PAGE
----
On the Evolution of Work Systems in the Digital Economy
What a Financially Comfortable, Successful, Laid-Back Professional Looks Like
Over the years I’ve noticed personality psychology related posts are visited most frequently. So, I’ll expand on a popular, though cryptic, post on particular facets of the Big Five’s Conscientiousness scale and success in various professional contexts. Whereas that post explains in abstract terms, this one provides a concrete (and personal) example. With the lazy days of summer ahead, I’ll discuss that which seems impossible, or at least improbable, for those who live life in the slow lane – laid-back, Type B people with high achievements and financial comfort.
It stands to reason, as popular culture tells us, that hard-driving folks enjoy more fruit from their labor than their counterparts do. It might be hard to believe financial comfort is achievable for the latter if I didn’t have a source of inspiration, a family member that I’m nearly a carbon copy of personality-wise.
He’s never worked more than 40 hours per week and, through progressively transitioning to different paths related to his educational and professional background, he’s arrived at a destination (now at the last phase of his work life) that would inspire envy among many. He could have retired years ago but wants life as it is now – the work he performs, absolute control over his schedule, and abundant free time to lounge around or engage in recreation.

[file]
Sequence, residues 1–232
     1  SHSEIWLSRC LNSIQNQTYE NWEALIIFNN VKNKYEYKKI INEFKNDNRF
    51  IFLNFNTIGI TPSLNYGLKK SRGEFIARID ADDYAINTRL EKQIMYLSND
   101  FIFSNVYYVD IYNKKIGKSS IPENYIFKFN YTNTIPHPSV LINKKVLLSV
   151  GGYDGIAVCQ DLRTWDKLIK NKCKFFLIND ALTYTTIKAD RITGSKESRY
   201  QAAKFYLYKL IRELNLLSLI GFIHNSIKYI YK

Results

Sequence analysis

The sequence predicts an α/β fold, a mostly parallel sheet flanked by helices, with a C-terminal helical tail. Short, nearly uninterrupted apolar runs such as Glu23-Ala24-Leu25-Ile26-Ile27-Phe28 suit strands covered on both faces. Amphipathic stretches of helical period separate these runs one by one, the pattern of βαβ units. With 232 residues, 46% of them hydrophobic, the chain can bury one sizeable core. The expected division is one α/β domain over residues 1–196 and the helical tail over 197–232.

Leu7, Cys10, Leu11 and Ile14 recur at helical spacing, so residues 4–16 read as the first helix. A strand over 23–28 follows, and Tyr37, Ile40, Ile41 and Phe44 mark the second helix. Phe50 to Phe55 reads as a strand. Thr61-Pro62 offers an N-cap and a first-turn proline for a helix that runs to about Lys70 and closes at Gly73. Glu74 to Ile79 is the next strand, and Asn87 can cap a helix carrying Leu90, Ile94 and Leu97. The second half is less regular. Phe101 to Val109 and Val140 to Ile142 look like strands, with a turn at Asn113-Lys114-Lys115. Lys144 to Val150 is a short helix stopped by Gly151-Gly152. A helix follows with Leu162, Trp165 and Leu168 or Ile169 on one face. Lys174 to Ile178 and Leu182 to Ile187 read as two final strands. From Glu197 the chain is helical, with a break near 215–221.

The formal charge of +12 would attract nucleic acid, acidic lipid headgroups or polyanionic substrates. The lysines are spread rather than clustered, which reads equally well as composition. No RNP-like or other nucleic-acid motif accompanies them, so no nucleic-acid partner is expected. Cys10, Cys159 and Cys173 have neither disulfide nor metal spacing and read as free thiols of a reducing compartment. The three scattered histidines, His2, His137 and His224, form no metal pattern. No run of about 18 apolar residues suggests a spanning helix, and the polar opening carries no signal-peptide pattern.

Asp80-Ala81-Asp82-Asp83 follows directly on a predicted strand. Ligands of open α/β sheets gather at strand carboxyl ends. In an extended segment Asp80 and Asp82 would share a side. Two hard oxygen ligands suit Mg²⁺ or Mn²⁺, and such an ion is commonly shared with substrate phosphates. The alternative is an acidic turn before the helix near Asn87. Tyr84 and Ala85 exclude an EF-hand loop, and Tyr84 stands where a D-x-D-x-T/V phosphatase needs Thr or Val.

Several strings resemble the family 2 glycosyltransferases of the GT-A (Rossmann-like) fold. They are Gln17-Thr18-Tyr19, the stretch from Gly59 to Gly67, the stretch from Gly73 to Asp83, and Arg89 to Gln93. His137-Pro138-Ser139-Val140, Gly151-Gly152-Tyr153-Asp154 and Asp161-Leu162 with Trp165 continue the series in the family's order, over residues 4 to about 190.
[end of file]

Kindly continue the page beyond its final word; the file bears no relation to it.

In short, he went from physician working at a hospital to owning his own private practice and, now, to surgical assisting. One look at his lifestyle, this perfect personality-career fit, and the earnings makes me wish I’d hopped on the family bandwagon and pursued medicine.
See A Day in the Life of a Surgical Assistant: The Truth, Un-Sugar Coated for the lifestyle perks and refer to Chron.com regarding the following information on income:
Although the average starting salary for surgical assistants is $55,000, the average annual salary is $75,000 and a surgical assistant may earn as much as $200,000, according to the Commission on Accreditation of Allied Health Programs. One reason for the wide variation is that surgical assistants are paid at the level of their primary profession, such as registered nurse or physician assistant.